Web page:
Maggid Street: Hackney and the Alchemical Impulse

By Iain Sinclair

maggid-street-iain-sinclair-renchi-bicknell-tom-baker.jpgMaggid Street, 1972

Maggid Street was configured in 1972 as a chapter in a Hackney-based 8mm diary film undertaken by myself, Renchi Bicknell, Tom Baker and others. Having just published my Ginsberg memoir The Kodak Mantra Diaries, I decided to attempt a lowlife gothic fiction that would feature another Albion Village Press poet, Brian Catling (future performance artist and Oxford academic). The accidental narrative, shot on outdated stock rescued from Kingsland Waste Market, was improvised as an alchemical fable.

maggid-street-iain-sinclair-renchi-bicknell-tom-baker-2.jpgMaggid Street, 1972

A vagrant, played by Jeremiah Healy, is taken in by a south London surgeon, who subjects him to a series of violent procedures, in the hope of recovering the inner daimon, the spark of light. The film is silent, but shaped around an unspoken sentence by the doctor. ‘Once, I believed that I could take a thing of mud and, by treating it with water and with fire, bring forth a golden-winged angel.’

maggid-street-iain-sinclair-renchi-bicknell-tom-baker-3.jpgMaggid Street, 1972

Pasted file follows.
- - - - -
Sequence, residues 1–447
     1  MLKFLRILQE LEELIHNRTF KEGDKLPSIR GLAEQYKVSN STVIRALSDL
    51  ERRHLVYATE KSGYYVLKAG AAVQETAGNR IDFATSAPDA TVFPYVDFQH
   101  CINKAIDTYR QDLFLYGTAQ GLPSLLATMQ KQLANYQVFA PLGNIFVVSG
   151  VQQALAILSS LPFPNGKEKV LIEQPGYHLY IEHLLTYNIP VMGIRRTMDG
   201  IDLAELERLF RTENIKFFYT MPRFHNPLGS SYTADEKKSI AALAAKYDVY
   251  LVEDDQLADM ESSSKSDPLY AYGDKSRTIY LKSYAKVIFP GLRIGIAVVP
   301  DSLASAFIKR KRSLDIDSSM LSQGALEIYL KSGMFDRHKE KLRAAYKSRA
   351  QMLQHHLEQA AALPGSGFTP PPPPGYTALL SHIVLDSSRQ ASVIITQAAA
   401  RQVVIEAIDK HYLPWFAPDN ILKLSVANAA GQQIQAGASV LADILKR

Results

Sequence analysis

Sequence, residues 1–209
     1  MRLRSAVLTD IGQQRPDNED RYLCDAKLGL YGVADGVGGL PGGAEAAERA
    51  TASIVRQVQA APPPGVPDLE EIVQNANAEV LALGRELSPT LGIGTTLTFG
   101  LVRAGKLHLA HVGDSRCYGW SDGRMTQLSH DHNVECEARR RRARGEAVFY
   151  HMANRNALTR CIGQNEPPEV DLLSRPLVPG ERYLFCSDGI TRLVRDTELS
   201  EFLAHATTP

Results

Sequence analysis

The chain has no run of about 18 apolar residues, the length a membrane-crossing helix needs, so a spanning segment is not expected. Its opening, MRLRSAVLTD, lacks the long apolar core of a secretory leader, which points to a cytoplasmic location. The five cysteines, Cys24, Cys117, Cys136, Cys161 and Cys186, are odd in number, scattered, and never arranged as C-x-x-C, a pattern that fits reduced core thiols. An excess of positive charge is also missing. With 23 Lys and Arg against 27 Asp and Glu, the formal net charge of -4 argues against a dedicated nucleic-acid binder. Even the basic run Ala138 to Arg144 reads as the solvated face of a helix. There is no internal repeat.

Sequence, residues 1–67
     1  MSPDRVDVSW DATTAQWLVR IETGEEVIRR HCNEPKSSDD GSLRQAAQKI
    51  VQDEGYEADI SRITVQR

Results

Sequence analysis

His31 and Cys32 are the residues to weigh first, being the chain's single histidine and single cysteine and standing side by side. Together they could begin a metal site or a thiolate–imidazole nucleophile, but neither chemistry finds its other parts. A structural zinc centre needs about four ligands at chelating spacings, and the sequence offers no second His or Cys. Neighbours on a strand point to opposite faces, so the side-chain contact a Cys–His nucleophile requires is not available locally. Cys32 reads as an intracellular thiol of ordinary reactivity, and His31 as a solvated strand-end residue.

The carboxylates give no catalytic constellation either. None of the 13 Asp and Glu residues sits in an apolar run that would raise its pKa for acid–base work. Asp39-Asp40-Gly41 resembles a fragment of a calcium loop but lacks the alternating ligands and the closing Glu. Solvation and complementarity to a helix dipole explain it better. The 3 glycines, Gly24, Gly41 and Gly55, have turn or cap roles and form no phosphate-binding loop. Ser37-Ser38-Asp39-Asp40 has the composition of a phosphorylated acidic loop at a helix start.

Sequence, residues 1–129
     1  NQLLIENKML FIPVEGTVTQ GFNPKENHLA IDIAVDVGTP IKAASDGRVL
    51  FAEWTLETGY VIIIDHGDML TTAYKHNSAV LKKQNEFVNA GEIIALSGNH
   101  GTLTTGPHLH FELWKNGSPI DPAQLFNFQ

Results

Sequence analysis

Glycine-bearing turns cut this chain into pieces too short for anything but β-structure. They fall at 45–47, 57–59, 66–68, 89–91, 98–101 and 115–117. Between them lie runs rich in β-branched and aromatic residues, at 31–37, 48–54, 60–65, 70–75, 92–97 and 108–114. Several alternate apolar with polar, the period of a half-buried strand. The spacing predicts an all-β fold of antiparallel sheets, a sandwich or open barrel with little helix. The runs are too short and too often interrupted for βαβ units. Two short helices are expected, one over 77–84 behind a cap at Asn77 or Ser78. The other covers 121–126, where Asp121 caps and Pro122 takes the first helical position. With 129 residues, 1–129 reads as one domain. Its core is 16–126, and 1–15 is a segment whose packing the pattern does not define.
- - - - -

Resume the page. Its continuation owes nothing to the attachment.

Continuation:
The original film, known as Maggot Street, ran for around fifty minutes. The editing-in-camera and style of shooting was influenced by Stan Brakhage’s autopsy film, The Act of Seeing with One’s Own Eyes. During the editing of The Falconer in 1996, the 8mm footage was crudely re-filmed on video. A new version, incorporating elements lifted from material shot by Chris Petit, was made with the editor Emma Matthews. Music by John Harle was added. And a new title, more in keeping with the alchemical scheme, was adopted. After a screening, in support of The Falconer, in Bristol, the film went back into the vaults.

Iain Sinclair’s latest book, Hackney, That Rose-Red Empire, is available now. A weekend of screenings exploring Hackney on film as seen through the lens of the book will take place at Dalston’s Rio Cinema on 25th and 26th April as part of the East End Film Festival (this will include Maggid Street, now with added graphic elements by Dave McKean). Sinclair will also present his diary film on 28th April in the festival.